Caseloads dropped through 1998 and 1999 as the economy improved and many states failed to get food stamps to low-income families who had left cash welfare for low-paid work. Caseloads then stabilized and began rising in 2000. Increases in participation since then likely have been driven by improved access to the program in states, including most recently for legal immigrants, by the weakened economy for low-income families, and (in September, October, and November 2005) by hurricanes.
Research suggests that one in three eligible people are not receiving SNAP/Food Stamps benefits. See FRAC’s “Gaps in Coverage” page. Fortunately, tools are available to bring federal SNAP/Food Stamps dollars into families and communities, where each dollar is estimated to produce nearly two dollars in economic activity. See FRAC’s “Countercyclical Section” and FRAC’s Smart Choices in Hard Times (pdf).
From December 1997 to December 2000, Food Stamps caseloads fell by 3.5 million persons. Some reduction in poverty and improvement in the overall unemployment rate contributed to these Food Stamp Program caseload declines, but other factors, including negative program changes by Congress, interactions with the cash public assistance system that make food stamp access harder for eligible families, and lack of information about the program among potentially eligible people, explained much of the drop.
Because of the 1996 welfare law, by August 22, 1997 most legal immigrants lost eligibility for federal Food Stamps benefits. Some immigrants were made newly eligible November 1, 1998, but a majority remained barred from the program. (Important additional improvements are occurring in 2003.) The period after March 1997 was also marked by implementation of cuts in Food Stamp Program eligibility for many childless, jobless adults. Implementation of the new, separate Temporary Assistance for Needy Families (TANF) Program established by the 1996 welfare law also had major, unintended, adverse effects on the Food Stamp Program, as families lost Food Stamps (for which many were still eligible) at the same time that they lost TANF benefits. According to a July 2001 USDA report to Congress, over half (56 percent) of caseload declines between 1994 and 1999 “occurred because fewer eligible individuals participated in the program,” rather than because of the economy or changes in eligibility rules. Further, USDA finds, “nearly a quarter of all leavers (from food stamps) experienced hunger in the first year after leaving the Food Stamp Program.”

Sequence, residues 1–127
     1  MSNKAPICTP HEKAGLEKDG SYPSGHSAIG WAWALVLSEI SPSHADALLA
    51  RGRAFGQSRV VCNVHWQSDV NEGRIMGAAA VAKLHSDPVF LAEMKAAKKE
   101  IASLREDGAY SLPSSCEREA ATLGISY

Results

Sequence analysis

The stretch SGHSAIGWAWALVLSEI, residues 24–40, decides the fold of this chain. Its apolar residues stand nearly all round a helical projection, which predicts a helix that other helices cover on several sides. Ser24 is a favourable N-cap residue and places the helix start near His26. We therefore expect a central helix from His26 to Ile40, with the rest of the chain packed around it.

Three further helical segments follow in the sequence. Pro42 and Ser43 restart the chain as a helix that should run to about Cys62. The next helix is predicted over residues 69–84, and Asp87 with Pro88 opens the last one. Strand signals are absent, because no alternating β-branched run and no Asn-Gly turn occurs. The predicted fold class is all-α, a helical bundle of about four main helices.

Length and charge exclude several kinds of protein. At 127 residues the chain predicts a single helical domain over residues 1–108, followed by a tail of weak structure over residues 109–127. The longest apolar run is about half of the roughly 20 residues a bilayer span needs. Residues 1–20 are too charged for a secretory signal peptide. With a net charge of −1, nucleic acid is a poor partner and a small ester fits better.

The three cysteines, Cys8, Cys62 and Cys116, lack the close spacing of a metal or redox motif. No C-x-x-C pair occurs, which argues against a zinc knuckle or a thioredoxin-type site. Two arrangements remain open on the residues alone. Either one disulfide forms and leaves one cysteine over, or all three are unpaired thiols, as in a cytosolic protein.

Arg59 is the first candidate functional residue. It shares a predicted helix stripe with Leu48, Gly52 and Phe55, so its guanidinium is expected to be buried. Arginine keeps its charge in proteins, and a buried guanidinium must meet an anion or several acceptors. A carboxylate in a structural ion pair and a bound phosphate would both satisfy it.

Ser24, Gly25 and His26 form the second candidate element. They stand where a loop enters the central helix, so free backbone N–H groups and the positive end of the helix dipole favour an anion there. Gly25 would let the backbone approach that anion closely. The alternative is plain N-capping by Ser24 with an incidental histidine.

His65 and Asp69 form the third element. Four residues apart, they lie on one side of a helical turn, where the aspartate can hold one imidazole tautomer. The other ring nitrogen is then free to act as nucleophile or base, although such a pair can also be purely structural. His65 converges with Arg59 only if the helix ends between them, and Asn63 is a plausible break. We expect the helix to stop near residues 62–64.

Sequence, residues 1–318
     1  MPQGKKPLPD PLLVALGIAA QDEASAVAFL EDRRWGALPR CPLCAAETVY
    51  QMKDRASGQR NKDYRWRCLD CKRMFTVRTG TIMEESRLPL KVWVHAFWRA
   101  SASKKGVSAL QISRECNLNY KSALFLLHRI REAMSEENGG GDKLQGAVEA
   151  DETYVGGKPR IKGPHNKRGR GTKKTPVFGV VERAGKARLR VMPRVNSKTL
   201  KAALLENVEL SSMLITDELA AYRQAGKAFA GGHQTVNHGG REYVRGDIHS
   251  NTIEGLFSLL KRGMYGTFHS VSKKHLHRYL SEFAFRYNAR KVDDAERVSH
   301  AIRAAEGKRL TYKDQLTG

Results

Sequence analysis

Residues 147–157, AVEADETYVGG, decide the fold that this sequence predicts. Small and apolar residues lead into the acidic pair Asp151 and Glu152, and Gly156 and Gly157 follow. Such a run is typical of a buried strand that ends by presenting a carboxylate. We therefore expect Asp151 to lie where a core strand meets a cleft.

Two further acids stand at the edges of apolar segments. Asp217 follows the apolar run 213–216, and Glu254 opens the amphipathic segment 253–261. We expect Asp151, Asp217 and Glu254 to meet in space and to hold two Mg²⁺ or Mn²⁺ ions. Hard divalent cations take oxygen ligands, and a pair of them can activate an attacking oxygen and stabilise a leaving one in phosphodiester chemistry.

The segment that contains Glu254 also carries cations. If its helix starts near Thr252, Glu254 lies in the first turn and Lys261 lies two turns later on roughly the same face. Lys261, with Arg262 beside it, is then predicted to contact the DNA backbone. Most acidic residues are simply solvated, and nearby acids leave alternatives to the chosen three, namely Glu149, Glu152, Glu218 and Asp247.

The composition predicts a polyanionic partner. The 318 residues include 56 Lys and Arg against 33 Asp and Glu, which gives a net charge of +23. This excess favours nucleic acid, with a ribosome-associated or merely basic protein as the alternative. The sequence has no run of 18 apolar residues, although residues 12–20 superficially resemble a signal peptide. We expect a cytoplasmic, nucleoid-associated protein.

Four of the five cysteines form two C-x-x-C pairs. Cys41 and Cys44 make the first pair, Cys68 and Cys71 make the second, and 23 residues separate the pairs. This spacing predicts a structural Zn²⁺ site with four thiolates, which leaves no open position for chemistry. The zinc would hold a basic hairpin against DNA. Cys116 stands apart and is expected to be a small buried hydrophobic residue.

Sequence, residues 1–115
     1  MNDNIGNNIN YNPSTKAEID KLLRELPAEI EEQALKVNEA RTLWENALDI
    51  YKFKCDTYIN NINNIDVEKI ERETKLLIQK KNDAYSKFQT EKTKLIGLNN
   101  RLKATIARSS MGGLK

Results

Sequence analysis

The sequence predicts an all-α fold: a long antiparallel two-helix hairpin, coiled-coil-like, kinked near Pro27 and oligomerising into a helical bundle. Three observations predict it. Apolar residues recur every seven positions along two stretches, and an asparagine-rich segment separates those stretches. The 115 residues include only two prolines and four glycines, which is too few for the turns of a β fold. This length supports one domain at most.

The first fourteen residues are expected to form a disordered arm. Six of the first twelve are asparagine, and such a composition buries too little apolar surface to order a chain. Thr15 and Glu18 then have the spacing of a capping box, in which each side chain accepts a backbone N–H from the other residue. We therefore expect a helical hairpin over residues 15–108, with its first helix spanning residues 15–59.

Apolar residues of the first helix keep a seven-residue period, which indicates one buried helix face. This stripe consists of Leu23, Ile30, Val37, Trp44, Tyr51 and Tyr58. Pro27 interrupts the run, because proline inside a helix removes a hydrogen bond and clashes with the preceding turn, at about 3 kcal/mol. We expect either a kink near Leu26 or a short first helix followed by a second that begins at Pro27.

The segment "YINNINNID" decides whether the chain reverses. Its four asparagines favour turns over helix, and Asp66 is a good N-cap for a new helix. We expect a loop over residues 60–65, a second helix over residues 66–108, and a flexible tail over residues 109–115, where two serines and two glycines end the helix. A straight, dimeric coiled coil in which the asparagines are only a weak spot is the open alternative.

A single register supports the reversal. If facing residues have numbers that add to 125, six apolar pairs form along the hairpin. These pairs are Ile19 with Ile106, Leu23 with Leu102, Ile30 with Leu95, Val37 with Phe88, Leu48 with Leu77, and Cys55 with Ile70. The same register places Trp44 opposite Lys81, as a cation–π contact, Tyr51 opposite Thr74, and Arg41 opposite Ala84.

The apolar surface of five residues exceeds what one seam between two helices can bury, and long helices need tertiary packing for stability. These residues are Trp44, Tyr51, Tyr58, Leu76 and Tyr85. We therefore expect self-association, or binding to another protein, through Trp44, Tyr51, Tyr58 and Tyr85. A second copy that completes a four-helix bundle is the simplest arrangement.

Unemployment and underemployment; improved processes in some states at application; better rules in many states, such as no longer treating vehicles as a resource barring eligibility; and other increased efforts by states and non-profit groups to connect eligible persons with benefits contributed to the increase in Food Stamp Program participation in this decade.
Pursuant to the 2002 Farm Bill, many legal immigrants became newly eligible for benefits in 2003 (as of April 2003, those residing in the US at least five years; as of October 2003, those under 18 regardless of date of entry).
Caseload trends in late 2005 were affected by the temporary disaster Food Stamp Program relief in the wake of several hurricanes, relief that by December was on the wane.
A positive feature of the SNAP/Food Stamp Program is its ability to meet increased need, whether due to economic changes or disasters. For information about the Disaster Food Stamp Program, download FRAC’s Guide to the Disaster Food Stamp Program; click here for a press release on the guide.
Three states with large numbers of those affected by the hurricanes– Florida, Louisiana, and Texas–accounted for nearly 3.4 million of the 3.8 million person increase between August and November 2005. Also ranking in the ten states with the largest percentage increases between August and November 2005 were three other states disproportionately impacted by hurricanes— Mississippi (hit by Katrina), Georgia and Arkansas (both reportedly serving large numbers of hurricane evacuees).
Not reflected in the caseload figures was additional nutrition assistance provided to many regular food stamp households affected by the hurricanes. Many households already enrolled in the program received replacement allotments to help cope with their food losses. Additional nutrition assistance also was provided to hurricane victims through the school meals programs, Child and Adult Care Food Program, and WIC Program.
The significant food stamp service to hurricane survivors was due to a combination of factors: the entitlement structure of the program which allowed it to respond quickly to deep and urgent need; strong leadership from political appointees and career officials at the US Department of Agriculture; key efforts of state governments; efficiency of the Electronic Benefit Transfer delivery system; and outreach and advocacy by nonprofit groups.
The national name for the Food Stamp Program was changed to Supplemental Nutrition Assistance Program (SNAP) in the 2008 Farm Bill. Changes in SNAP/Food Stamp benefit levels and asset rules that were enacted in the 2008 Farm Bill became effective as of October 1, 2008. These include the first-ever increase in the minimum monthly benefit (from $10 to $14), an increase in the standard deduction for households of three or fewer, and taking into account the full amount of dependent care costs households incur. Retirement and education savings accounts are no longer counted against a household’s SNAP eligibility.
In 2009, ARRA (the economic recovery act) increased SNAP/Food Stamps benefits by approximately 19 percent, eased eligibility for certain jobless adults without dependents, and provided states with extra funding to administer the program. The FY 2010 Department of Defense Appropriations Act also provided states with additional SNAP/Food Stamps administrative funds.